Treasury Secretary Steven Mnuchin told the Wall Street Journal and CNBC on Thursday that the White House is “very committed” to enacting significant tax reform by August, before Congress leaves Washington for its summer recess.
That’s more optimistic than what many Washington observers and Wall Street strategists have been expecting lately but good news for a stock market that has rallied to record highs based on expectations for tax reform as well as deregulation and infrastructure spending.
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Richard Bernstein, CEO and chief investment officer of Richard Bernstein Advisors LLC, commenting on Mnuchin’s statements, said later on CNBC that if tax reform is not approved by August, market risks will rise.
Mnuchin explained that the No. 1 economic issue for the Trump White House is growth and tax reform is the prime way to achieve faster growth.
He said tax reform could increase growth to a 3% annual rate toward the end of 2018, which is sharply above forecasts by the Federal Reserve, the Congressional Budget Office and many Wall Street economists.
Mnuchin also said that the Trump tax reform plan would focus on middle-income tax cuts, simplification and business competitiveness and that tax cuts for upper income taxpayers would be offset by a reduction in deductions and other things, which he has said before.
The Tax Foundation’s analysis of Trump’s last tax plan before the election, which would not be the final plan that passes Congress, found that it would reduce taxes for all taxpayers but the wealthiest Americans would see a much larger percentage increase in after-tax income than other taxpayers.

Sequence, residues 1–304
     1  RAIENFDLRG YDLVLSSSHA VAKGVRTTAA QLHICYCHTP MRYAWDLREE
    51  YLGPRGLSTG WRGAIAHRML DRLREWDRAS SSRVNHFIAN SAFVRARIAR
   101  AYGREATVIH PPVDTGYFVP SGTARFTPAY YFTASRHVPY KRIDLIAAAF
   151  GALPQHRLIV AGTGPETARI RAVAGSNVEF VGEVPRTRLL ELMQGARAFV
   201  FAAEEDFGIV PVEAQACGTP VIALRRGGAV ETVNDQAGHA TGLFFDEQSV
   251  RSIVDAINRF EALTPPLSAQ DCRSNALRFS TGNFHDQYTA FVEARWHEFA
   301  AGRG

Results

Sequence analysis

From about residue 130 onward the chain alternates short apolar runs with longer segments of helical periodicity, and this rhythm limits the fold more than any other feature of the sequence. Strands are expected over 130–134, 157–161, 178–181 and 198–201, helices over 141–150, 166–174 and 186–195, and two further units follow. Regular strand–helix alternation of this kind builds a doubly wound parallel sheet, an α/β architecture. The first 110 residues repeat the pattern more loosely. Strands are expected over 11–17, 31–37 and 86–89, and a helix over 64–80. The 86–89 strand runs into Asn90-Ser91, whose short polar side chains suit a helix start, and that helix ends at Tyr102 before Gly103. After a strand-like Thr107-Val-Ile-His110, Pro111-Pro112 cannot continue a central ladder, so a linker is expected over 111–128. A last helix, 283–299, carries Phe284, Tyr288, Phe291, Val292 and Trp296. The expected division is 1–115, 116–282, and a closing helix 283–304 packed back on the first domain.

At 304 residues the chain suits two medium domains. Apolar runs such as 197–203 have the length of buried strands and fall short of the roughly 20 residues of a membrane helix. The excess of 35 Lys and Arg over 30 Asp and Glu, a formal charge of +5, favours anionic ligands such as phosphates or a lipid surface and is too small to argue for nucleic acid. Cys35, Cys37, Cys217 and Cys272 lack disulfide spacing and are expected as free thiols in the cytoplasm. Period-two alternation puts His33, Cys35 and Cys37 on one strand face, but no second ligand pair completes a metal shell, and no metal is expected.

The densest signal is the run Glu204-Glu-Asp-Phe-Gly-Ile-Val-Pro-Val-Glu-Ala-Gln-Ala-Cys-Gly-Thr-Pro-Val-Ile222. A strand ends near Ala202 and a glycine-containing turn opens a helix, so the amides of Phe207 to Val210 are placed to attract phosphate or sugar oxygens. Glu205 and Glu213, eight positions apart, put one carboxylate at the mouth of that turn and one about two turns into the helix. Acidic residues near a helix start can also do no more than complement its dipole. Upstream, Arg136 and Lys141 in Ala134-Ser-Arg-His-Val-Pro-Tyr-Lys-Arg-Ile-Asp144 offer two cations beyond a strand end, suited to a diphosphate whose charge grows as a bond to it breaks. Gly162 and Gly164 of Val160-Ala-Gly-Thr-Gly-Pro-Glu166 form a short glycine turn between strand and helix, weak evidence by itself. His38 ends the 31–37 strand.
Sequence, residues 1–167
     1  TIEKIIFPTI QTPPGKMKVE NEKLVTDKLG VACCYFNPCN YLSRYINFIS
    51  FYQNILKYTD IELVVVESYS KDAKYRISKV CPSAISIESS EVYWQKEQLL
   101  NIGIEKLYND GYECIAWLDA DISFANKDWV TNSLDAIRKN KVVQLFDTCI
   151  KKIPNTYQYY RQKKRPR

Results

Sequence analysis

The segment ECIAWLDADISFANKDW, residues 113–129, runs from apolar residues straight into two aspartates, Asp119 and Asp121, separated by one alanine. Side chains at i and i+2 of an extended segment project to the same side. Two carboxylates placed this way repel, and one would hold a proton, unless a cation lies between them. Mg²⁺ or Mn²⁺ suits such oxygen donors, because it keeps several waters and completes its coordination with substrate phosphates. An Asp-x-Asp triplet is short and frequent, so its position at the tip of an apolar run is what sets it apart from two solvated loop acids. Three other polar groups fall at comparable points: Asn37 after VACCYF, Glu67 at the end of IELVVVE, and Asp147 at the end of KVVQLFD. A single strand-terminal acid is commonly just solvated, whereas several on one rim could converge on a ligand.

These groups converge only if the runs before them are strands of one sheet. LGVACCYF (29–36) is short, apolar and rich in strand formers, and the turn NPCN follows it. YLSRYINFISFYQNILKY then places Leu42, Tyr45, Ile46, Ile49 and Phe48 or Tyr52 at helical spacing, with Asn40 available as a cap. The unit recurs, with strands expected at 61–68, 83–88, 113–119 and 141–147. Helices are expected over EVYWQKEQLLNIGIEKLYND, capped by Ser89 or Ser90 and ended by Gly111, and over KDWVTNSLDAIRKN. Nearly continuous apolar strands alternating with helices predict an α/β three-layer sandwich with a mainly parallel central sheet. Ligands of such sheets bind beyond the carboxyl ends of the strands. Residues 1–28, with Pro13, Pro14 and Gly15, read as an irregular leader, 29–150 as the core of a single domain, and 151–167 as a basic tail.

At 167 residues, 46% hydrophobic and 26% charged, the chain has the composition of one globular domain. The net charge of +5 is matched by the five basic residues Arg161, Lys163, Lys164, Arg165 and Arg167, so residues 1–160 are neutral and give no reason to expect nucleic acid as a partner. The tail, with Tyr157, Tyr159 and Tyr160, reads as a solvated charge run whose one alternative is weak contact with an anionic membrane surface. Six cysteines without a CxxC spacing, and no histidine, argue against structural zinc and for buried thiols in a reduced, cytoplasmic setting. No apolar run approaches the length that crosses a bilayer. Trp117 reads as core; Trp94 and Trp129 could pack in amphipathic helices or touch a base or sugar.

Even based on a “dynamic scoring basis,” which Mnuchin has championed, the Tax Foundation found that the top 1% of taxpayers would see an increase in after-tax income between 12.2% and 19.9% while all taxpayers would see an increase between 6.7% and 7.9%.
In order for a tax reform package to be finalized by August, the White House and Congress — especially the House — will have to reconcile their differences, and a major sticking point so far is a House proposal for a border adjustment tax for corporations. That would increase taxes on companies that import products, such as retailers, while cutting them for exporters.
When asked on CNBC for his opinion on a broader adjustment tax, Mnuchin would only say, “We’re reaching to all businesses and listening to what they have to say.”
He also didn’t answer a question about whether the tax reform plan would be revenue neutral, which is a concern for deficit hawks on Capitol Hill, but he noted that growth assumptions will be higher due to dynamic scoring, which attempts to account for behavioral effects of policies, for example, increased consumer spending and thus economic growth due to tax cuts.
Mnuchin told The Wall Street Journal that the White House is working with Senate and House Republicans to address their differences and admitted that the August deadline “is an ambitious timeline that could slip to later in the year.”
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